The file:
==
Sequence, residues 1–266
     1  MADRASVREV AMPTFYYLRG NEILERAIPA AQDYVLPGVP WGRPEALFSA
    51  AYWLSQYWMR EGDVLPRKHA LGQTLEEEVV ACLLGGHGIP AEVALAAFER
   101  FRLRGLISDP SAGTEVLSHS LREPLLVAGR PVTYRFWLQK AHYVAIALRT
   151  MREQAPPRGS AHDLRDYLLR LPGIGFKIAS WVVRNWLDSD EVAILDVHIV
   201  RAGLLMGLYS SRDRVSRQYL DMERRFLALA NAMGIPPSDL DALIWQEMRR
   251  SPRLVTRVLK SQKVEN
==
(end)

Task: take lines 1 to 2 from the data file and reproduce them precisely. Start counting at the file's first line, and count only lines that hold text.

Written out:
Sequence, residues 1–266
     1  MADRASVREV AMPTFYYLRG NEILERAIPA AQDYVLPGVP WGRPEALFSA